Town planning and public health: shared competencies
How the Public Health Skills and Knowledge Framework can be used to review skills in planning healthier places and communities
The determinants of people’s health and wellbeing are complex, including their genetics, access to and quality of health care. Mostly, they are due to the wider socio-economic and environmental determinants in which they live, work and play. Much of the systems, policies and investment actions determining the way the environment is planned, designed, used and managed are the responsibility of town planners and the statutory planning system.
Therefore, addressing these wider determinants requires not only the actions of public health professionals but also town planners working in public and private sectors, including local authorities. These actions are determined by regulatory and policy directives from the Ministry of Housing, Communities, and Local Government, primarily through the National Planning Policy Framework (NPPF). The NPPF sets out planning’s role to promote healthy and safe communities by meeting local health needs and supporting delivery of health strategies, and which can be achieved by making the use of tools such as health impact assessments (HIAs). There is a need to demonstrate what competencies town planners need and how they may already be aligning with the Public Health Skills and Knowledge Framework (PHSKF).
Town planners are required to meet certain competencies to qualify chartered membership of the Royal Town Planning Institute as the membership body responsible for maintaining professional standards. Though there are several routes to chartership, generally, all practitioners are required to use case studies to reflect on specified competencies for awareness, understanding and application, as part of a membership assessment. The competencies include:
• identifying and analysing issues
• gathering appropriate information
• identifying and assessing alternative courses of action
• initiating and implementing a course of action or dissemination of knowledge
• legal framework and politics in planning
• reflection and review
Certain comparable PHSKF competencies are utilised, for example by a local authority planning policy planner to gather local intelligence such as the health needs assessment as part of an HIA health impact assessment (HIA) and wider evidence base to support lead policy areas such as on healthy places. Based on Public Health England’s HIA in Planning guide, professionals can be expected to demonstrate relevant competencies including:
• PHSKF A1.5: collate and analyse data to produce intelligence that informs decision making, planning, implementation, performance monitoring and evaluation – this is relevant for devising strategy/briefs to identify, collate and analyse local health needs and other data to justify requirement for HIAs in planning applications
• PHSKF A2.2: advocate public health principles and action to protect and improve health and wellbeing – town planners demonstrate this competency when integrating wider determinants issues into a policy or justification text of a policy
• PHKSF A3.5: mitigate risks to the public’s health using different approaches such as legislation, licensing, policy, education, fiscal measures – town planners will explore different planning powers available to local authorities including the HIA to tackle unhealthy environments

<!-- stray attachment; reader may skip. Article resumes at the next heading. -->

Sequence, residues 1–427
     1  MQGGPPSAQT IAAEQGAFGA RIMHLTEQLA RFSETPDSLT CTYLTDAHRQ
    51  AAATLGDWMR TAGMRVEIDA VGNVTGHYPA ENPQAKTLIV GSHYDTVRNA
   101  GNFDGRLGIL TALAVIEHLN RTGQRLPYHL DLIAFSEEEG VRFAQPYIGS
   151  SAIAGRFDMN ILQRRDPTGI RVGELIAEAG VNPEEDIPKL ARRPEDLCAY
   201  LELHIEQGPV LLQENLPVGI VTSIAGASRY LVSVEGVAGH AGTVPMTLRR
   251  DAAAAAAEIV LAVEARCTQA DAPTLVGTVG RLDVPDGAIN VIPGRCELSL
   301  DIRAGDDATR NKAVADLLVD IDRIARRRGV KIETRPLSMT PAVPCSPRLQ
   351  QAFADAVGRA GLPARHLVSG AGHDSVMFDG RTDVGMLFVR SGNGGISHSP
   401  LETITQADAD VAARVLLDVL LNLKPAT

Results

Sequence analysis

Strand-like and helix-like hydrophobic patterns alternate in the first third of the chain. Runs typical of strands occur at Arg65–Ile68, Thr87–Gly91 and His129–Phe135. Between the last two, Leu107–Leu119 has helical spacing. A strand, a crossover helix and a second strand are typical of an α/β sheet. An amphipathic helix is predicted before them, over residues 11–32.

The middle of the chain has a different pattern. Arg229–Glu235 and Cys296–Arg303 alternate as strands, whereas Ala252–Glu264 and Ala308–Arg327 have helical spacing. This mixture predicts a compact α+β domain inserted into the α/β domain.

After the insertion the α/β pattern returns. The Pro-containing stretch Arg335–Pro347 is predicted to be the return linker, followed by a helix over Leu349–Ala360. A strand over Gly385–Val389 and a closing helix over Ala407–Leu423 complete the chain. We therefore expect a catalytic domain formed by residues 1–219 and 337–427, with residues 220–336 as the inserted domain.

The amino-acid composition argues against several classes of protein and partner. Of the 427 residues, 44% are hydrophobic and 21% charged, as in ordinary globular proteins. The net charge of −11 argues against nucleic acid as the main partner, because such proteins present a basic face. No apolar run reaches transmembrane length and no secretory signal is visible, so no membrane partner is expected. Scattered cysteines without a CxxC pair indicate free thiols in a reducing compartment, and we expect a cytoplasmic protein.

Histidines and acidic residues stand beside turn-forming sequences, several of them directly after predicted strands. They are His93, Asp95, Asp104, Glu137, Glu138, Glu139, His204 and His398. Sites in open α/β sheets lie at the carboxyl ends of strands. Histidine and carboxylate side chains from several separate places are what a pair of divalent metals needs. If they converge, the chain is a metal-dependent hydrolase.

• PHSKF A4.4: report and advise on the implications of the evidence base for the most effective practice and the delivery of value for money – part of the HIA is to recommend options and preferred policy and wording options based on the evidence collated
• PHSKF B4.2: operate within the decision making, administrative and reporting processes that support political and democratic systems – this was identified as a common competency as town planners will need to understand the local political context and direction underpinning the policy action
• PHSKF C2.3: facilitate dialogue with groups and communities to improve health literacy and reduce inequalities using a range of tools and technologies – town planners will need to engage groups and gain consensus during the period of evidence gathering and advisory support
A high-level mapping exercise was conducted to determine whether town planners’ competencies for the above example align with those of a public health professional as set out in the PHSKF. Although the competencies may be presented differently using respective jargon and terminology, the result shows alignment across all the competencies.
Aligning competencies, using the PHSKF as the basis, opens up conversations with planners about their role and contribution to improving population health and wellbeing. Utilising specific tools available to planners in the planning system, such as HIAs, can help achieve local public health priorities. This is particularly relevant as the Prevention Green Paper seeks to improve the coverage of HIAs in non-health settings.
The development of Public Health England (PHE) publications by the Healthy Places team and the Planning and Health programme has aimed to support getting public health research and evidence into planning practice, including the HIA in Planning guide. By demonstrating that town planning and public health professionals share similar competencies, there is the opportunity for actions on wider determinants to be mainstreamed into non-health systems, such as town planning.
The PHE Healthy Places team includes programmes on spatial planning, housing, transport, natural environment and nationally significant infrastructure projects. The team promotes collaborative working and knowledge-sharing and, as such, is willing to share detailed information of resources it has developed to support others.
You can contact the PHSKF programme team via email@example.com for contact details.